Hi everyone,
A bit of a beginner's question.
I am a current engineering major at a top 10 worldwide school with a very strong interest in finance. I have secured a spring week in trading at UBS, and hope to convert it to a summer, and a summer internship as a finance analyst at a credit card provider (amongst the top 3 in the world) - I am aware this is not related to trading or IB in general, but the opportunity arose and banks do not take people who are not in the penultimate year of their course.
Anyway, recently I have decided to try and pursue a career in algotrading. But my knowledge is extremely limited. I only learn MATLAB in my course, and, whilst I take a couple of finance minors, none of them are related to computational finance or anything similar.
I was therefore wondering what you would recommend a college engineering major to do in order to get on track to becoming an algotrader. I am currently self-learning Python at a fast pace (started a few weeks ago and I'm quite comfortable with the language). I am very well-prepared in mathematics and statistics and ready for long hours of work to prepare, but I have no idea where to start.
Of course, I would do a postgrad - potentially in computational finance or financial engineering. How necessary is a PhD? How can I break into the world of algo-trading? Any online or summer courses you'd recommend?

Comments (14)


What are you using to learn Python? Any recommendations?

Majority of algorithmic trading houses will require solid undergrad grades from a top uni, + a statistics/maths intensive masters. The jury is out on PHD's. A PHD will obviously be a positive (no question about that) but that's not to say you can't get in without one.

It's an interesting field - I don't work in it, but am interested in the area via my work in physical commodities and considering a masters myself.

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This website introduces you to basic Python, fairly straightforward: https://learnpythonthehardway.org/book/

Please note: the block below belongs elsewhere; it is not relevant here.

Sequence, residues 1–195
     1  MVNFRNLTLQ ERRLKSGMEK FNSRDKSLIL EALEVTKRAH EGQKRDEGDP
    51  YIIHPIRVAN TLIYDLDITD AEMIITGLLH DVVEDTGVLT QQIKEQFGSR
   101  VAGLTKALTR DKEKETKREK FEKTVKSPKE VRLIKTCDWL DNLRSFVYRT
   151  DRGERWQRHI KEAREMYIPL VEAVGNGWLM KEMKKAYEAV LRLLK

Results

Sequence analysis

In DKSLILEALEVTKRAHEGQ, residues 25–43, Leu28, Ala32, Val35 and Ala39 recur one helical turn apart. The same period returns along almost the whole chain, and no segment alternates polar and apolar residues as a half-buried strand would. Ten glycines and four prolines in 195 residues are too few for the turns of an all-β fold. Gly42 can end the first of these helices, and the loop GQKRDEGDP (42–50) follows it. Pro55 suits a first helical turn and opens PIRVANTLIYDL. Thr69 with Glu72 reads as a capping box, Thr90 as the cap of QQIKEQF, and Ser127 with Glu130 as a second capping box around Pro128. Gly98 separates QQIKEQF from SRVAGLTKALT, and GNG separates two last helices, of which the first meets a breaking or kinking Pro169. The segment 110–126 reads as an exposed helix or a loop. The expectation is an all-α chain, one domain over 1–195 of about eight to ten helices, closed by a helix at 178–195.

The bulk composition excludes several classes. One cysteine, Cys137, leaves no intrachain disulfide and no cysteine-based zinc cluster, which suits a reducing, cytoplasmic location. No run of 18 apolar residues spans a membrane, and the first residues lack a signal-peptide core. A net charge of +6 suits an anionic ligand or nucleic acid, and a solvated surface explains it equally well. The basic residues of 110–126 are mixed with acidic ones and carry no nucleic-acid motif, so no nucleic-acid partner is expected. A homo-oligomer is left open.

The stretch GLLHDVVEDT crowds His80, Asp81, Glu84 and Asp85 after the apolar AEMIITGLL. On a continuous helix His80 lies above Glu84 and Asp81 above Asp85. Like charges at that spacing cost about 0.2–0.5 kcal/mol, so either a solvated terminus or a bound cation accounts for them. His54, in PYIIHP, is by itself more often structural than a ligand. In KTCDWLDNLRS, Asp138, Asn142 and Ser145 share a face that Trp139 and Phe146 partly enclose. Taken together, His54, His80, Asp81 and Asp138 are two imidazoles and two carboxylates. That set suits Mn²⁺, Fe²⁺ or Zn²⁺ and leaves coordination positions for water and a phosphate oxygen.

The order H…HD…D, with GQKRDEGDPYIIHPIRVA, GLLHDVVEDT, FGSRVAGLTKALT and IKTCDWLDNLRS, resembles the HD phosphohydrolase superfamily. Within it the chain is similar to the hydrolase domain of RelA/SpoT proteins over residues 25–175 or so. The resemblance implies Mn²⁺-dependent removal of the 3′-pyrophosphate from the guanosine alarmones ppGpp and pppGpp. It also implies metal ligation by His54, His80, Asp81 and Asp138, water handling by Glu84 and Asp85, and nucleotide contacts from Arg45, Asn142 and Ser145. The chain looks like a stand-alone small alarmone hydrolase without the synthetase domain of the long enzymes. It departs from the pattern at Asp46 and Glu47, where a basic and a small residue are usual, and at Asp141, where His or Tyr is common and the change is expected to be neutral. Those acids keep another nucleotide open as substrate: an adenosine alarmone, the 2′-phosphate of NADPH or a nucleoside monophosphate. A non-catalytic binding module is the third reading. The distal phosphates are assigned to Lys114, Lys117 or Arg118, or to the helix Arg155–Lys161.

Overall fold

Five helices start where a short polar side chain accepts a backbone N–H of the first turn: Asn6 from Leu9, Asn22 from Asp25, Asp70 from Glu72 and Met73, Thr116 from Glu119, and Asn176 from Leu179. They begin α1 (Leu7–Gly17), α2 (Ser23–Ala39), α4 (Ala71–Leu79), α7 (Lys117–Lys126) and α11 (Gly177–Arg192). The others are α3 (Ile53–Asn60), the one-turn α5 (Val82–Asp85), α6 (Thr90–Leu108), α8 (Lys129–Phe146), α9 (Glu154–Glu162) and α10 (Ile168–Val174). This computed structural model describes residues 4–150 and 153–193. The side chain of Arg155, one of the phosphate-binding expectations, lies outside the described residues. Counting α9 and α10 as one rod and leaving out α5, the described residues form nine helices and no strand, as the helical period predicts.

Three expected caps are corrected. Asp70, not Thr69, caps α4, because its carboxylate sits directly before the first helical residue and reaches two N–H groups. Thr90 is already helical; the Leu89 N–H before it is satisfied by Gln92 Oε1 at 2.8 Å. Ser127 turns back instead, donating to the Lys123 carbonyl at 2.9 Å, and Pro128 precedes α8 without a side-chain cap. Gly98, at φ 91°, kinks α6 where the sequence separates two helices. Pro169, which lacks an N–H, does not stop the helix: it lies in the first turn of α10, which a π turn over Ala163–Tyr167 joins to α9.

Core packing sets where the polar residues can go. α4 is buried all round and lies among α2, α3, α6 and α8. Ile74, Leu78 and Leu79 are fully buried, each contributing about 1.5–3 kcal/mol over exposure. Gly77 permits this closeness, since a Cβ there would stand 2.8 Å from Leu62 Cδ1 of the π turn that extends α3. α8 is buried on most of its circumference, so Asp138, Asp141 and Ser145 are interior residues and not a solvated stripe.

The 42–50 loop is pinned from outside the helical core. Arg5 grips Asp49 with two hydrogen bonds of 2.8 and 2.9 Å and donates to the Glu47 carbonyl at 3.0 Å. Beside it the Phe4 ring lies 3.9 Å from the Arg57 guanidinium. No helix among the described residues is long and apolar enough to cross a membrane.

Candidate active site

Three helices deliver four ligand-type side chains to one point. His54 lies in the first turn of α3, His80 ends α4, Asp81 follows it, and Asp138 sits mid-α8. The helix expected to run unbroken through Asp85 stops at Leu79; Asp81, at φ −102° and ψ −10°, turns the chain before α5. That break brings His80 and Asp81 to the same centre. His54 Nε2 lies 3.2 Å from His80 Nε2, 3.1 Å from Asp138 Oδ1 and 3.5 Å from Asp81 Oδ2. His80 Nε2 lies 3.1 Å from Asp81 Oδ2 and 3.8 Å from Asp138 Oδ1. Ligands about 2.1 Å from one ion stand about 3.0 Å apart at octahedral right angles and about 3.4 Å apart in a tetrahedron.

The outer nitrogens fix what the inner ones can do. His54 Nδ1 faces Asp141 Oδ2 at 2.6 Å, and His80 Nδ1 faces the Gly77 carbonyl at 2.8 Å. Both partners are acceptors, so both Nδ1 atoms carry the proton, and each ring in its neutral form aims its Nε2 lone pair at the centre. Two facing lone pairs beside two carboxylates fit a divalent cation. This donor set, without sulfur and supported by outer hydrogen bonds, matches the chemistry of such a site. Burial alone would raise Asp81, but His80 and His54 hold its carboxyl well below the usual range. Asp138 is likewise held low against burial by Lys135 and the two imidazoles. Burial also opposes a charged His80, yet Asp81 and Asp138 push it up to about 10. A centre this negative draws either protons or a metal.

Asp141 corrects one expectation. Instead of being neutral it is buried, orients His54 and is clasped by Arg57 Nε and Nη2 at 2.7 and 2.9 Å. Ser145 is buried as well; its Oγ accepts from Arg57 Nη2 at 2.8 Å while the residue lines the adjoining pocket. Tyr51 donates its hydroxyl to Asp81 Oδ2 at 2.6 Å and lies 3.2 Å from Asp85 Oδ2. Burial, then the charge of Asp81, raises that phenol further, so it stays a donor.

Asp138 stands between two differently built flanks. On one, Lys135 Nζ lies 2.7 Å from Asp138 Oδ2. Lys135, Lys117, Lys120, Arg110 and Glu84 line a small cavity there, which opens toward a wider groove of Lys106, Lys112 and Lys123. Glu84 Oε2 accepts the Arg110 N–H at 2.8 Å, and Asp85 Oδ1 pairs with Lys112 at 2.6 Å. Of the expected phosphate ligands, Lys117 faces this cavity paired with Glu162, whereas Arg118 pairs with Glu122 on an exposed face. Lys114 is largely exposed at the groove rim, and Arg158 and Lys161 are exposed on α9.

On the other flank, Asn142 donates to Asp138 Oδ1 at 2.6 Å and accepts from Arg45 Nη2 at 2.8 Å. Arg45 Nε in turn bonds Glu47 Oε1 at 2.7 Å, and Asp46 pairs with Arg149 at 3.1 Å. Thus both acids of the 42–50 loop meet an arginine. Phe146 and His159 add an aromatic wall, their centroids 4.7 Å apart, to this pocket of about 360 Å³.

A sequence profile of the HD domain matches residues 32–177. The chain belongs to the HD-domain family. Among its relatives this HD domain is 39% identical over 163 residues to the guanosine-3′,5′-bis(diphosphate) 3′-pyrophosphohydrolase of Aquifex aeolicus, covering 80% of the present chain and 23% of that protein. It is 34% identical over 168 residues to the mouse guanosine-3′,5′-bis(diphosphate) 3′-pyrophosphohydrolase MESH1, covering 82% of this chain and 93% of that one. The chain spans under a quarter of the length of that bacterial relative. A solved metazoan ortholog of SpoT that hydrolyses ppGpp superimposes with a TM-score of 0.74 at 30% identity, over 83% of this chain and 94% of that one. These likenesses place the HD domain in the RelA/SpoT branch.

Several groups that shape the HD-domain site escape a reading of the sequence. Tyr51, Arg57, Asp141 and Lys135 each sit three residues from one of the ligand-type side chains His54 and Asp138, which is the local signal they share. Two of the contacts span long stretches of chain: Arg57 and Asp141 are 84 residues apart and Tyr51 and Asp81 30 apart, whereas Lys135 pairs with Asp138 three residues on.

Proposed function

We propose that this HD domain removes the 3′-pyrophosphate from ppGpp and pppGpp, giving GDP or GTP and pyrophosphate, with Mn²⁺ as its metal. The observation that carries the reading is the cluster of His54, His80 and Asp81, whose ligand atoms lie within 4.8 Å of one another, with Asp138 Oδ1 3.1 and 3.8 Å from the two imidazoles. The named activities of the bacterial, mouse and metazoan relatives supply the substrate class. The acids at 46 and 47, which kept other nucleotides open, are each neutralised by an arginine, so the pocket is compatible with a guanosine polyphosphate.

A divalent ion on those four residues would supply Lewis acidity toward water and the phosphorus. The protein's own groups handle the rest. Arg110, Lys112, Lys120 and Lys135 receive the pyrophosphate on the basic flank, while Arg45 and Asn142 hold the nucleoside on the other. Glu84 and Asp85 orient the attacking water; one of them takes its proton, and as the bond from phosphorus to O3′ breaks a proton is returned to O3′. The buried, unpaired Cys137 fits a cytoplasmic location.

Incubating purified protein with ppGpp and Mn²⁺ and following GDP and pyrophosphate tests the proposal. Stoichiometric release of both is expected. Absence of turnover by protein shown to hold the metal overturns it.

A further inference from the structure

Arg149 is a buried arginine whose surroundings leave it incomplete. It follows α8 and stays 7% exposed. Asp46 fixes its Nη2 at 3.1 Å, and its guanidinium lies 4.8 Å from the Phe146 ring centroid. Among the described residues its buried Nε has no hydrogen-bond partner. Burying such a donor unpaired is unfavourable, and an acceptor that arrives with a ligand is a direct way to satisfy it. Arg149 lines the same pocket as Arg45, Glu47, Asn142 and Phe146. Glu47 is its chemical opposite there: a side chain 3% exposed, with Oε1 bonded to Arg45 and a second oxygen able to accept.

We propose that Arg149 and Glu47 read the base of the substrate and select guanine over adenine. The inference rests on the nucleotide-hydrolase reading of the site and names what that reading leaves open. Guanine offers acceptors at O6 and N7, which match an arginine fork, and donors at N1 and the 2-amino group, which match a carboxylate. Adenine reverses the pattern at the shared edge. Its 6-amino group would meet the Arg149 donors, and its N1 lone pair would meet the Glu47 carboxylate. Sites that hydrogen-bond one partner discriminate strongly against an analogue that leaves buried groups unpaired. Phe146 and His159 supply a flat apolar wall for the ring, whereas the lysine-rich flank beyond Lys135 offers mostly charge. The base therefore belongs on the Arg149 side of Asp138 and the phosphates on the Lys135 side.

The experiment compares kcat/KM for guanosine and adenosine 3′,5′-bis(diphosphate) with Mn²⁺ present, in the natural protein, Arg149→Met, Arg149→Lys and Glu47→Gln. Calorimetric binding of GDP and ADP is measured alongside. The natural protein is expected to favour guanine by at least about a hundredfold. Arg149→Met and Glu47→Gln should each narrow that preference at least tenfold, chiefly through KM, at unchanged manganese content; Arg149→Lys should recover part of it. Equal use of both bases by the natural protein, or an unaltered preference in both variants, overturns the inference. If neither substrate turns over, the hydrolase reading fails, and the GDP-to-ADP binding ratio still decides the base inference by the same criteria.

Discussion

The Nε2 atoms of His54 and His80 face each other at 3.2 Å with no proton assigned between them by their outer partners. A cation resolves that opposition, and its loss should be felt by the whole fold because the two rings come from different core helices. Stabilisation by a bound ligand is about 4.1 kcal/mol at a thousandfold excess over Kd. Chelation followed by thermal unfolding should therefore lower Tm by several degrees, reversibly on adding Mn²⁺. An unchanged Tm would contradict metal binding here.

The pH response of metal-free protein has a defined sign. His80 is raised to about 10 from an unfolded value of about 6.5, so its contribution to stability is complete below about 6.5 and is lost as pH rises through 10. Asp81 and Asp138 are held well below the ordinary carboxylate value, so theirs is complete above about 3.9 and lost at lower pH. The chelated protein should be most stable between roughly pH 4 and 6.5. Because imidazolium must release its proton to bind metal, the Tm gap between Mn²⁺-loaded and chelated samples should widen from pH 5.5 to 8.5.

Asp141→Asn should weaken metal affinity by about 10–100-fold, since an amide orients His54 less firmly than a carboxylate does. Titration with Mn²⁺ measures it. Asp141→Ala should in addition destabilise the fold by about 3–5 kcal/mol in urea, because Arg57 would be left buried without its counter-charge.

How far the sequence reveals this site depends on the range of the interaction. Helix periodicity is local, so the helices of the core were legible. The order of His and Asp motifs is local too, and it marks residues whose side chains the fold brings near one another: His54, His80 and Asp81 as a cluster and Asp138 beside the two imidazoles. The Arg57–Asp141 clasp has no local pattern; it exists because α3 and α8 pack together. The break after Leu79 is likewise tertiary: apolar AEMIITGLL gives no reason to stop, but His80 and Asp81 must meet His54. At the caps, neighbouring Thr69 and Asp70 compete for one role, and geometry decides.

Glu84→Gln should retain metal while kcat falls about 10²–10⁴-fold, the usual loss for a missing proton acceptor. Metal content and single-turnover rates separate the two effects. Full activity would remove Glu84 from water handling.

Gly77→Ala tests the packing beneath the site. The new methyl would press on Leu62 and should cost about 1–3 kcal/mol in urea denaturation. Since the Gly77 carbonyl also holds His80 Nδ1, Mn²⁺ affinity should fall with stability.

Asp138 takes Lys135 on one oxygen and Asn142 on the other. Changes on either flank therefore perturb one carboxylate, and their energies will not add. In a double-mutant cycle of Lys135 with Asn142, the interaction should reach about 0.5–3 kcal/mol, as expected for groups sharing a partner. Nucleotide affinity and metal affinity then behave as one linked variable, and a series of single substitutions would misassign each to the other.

I am definitely doing the masters. The question lies on the PhD, and landing a job in algotrading without any prior experience in a firm, as no one is going to take a college undergrad for that.


Learn Python the Hard Way is a great resource, I personally used it a few years back. When you have the basics covered be sure to check out Sentdex (sorry, can't link to youtube since my account is new) for more finance and statistics specific tutorials.

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Essentially I am going to recommend you become more of a generalist than the areas of study you talked about in your post. What interests you now may not be interesting to you in 5 years, so I recommend getting the skills you need for quant finance, but doing it without pigeon holing yourself into only finance roles.

What sort of engineering are you studying now? I ask because some types naturally lend themselves to finance more easily? If it's civil/environmental engineering you'll likely find it more difficult than EE. It's great if you have time to tack on a minor while you're still in undergrad, but you'll be better served making it computer science or mathematics (probably in that order of desirability) instead of finance. You can develop sufficient finance knowledge on the side. As for grad school, assuming you're doing well in undergrad and are taking sufficiently technical courses in your engineering program, you should be competitive for graduate programs in computational/applied mathematics, operations research, or even computationally-aligned engineering groups (eg if you're ME/AE and are good at CFD or FEA). Any of these sorts of programs will give you a good skill base that you can flesh out with some additional finance/math knowledge when it comes time to find a job.

Finally, if you're considering a PhD program, but not planning on pursuing academia, I will go against the grain and recommend weighting your decision on where to go slightly less on your individual adviser and slightly more towards prestige/brand recognition of the school. It's very likely in finance nobody will have heard of your adviser either way, but for better or worse most recruiting into finance roles comes from the same 20-30 schools.


Thank you very much for your reply.
As you mention, I do not want to pigeon hole myself into a very specific role.
I study chemical engineering; we have quite a lot of computation, but it is all in chemical engineering-specific languages. My degree is technical and I am maintaining a 4.00 GPA average; so hopefully it leaves me in a good place for my postgrad.
I am very prestige-focused, so I'd only aim for top schools rather than top programmes at not-known schools, as they normally have more resources and open more doors when it comes to networking and meeting people.
How do you think I can blend all of my knowledge (programming, finance knowledge and mathematics) together? Would this be in my postgrad? Or through personal research?